Dancing Mad

When I first heard about Final Fantasy Theatrhythm, I dismissed it out of hand. It sounded like a cheap, stupid attempt to cash in on 25 years of Final Fantasy nostalgia. Around its release I heard quite a bit of buzz about it and finally deigned to check out a preview video. Then I immediately preordered. Theatrhythm is not, in fact a cheap stupid cash-in; it is a brilliant, enthralling attempt to cash-in on 25 years of Final Fantasy nostalgia.

I’ve put about fifteen hours into it so far, and have barely scratched the surface of this rhythm game. I haven’t unlocked any of the hidden characters and only a few of the songs, but I have played through the series mode several times. The mechanics are pretty simple, much like the underrated Elite Beat Agents. You tap, hold and slash to the rhythm of a song. The brilliant part is all in the flavor. It fuses some RPG mechanics to the simple rhythm gameplay to make it truly a Final Fantasy game. Players choose from the protagonists of the 13 mainline FF games, get experience from completing songs and learn abilities. That dressing is nice, but the real fun, at least for me is what is going on in the background during the songs. Though they are less involved than the stories that play out in EBA, they are so steeped in Final Fantasy Lore that it is almost disgusting.

There are traveling songs, where the characters walk, or ride chocobos, through the landscapes of the various games. Authentic landscapes from the games. All of the important landmarks are visible in the background. There is some inherent joy in seeing familiar places from a new perspective. Then there are the battle songs. These are less specific to the individual games, but the simulated battles against classic Final Fantasy enemies are cool. The real killers are the movie ones. Behind the main theme of the various games they play the big scenes of the game in the background. It is just an unstoppable wave of nostalgia backed by solid gameplay. Plus there is the charm of the cutesy character designs and the often hilarious pre-song party quotes.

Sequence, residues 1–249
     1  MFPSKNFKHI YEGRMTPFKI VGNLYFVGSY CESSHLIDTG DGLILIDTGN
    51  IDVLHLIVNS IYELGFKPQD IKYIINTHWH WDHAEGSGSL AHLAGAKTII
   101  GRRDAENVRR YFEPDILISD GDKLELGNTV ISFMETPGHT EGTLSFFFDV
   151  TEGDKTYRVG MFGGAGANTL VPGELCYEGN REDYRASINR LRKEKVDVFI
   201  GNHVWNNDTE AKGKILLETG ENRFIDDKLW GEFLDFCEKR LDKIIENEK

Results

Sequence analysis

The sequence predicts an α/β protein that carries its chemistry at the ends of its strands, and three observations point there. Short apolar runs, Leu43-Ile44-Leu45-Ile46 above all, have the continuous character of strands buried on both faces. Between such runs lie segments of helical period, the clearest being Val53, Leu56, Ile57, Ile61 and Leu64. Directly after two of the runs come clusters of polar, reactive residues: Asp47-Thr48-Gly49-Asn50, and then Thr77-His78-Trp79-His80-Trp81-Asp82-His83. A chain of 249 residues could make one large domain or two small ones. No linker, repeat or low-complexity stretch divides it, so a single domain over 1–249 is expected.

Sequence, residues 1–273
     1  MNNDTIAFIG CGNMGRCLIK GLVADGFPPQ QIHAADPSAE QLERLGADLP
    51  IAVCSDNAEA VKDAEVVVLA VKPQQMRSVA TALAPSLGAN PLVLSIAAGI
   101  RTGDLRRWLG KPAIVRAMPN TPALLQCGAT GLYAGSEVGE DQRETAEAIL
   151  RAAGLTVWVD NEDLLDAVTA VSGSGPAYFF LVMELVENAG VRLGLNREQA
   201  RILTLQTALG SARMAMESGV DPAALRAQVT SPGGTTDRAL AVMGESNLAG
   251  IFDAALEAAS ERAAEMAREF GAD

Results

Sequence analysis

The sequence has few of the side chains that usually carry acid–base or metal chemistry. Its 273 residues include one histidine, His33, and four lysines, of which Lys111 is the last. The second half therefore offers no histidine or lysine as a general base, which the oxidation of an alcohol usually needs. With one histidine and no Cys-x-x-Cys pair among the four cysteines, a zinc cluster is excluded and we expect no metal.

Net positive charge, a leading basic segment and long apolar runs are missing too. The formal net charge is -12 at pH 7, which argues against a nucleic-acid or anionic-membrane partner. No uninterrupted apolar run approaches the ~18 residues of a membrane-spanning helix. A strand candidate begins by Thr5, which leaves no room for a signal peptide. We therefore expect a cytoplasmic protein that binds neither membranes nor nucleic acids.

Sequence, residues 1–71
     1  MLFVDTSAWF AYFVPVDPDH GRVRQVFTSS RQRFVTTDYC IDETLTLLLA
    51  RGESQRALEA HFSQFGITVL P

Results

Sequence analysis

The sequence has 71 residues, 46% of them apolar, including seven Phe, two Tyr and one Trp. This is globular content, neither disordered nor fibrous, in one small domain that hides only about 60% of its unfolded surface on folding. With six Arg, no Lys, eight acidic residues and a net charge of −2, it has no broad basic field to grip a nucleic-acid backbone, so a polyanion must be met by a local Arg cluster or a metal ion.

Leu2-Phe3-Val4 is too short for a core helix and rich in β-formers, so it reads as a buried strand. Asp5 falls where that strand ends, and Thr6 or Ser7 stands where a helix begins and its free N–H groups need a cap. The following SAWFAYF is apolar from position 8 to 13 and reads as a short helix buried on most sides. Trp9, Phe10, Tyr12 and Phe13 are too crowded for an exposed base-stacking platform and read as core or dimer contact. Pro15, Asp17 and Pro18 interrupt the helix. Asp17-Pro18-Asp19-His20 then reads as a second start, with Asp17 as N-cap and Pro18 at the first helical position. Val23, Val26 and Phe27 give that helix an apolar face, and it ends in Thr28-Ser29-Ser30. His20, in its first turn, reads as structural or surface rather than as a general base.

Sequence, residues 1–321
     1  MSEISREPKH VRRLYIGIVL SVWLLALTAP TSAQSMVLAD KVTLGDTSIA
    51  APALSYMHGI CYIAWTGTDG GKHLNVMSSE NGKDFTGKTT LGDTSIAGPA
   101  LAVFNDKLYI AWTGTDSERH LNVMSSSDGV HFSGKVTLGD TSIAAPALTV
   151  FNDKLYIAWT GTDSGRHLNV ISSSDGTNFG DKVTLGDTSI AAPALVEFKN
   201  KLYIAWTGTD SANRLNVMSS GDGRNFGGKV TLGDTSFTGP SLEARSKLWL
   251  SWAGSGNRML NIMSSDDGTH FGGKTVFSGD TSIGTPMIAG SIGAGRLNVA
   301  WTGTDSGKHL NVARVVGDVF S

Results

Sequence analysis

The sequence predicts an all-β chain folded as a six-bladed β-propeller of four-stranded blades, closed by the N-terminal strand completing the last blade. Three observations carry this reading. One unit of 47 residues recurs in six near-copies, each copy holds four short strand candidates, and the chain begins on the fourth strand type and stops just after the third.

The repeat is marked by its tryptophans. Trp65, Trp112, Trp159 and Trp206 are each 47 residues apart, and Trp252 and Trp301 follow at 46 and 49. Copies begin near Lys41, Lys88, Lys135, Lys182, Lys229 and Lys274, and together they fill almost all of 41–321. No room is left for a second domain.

Final Fantasy is one of the few series that could do a game like this and get me the way Theatrhythm does. Zelda and Mario could, so could Mega Man and Suikoden. I think that’s about it. There are other series with games that I love or games that have terrific music, but I don’t have the nostalgia for them that I do for Final Fantasy. As much as I love even Mario and Zelda, I’m sure I’ve spent more time playing Final Fantasy, if only because the games are longer. Also, the greater focus on story in Final Fantasy gives makes it easier to mine nostalgia than Nintendo’s gameplay rich but story poor franchises. As far as anniversary games go, Theatrhythm blows Nintendo’s offerings out of the water. Popping a Super Mario All-Stars ROM on a Wii disc just doesn’t cut it. Theatrhythm is a novel experience that hits me perfectly in the nostalgia center of my brain. Now I’m off to play both Theatrhythm and half of the Final Fantasy series.

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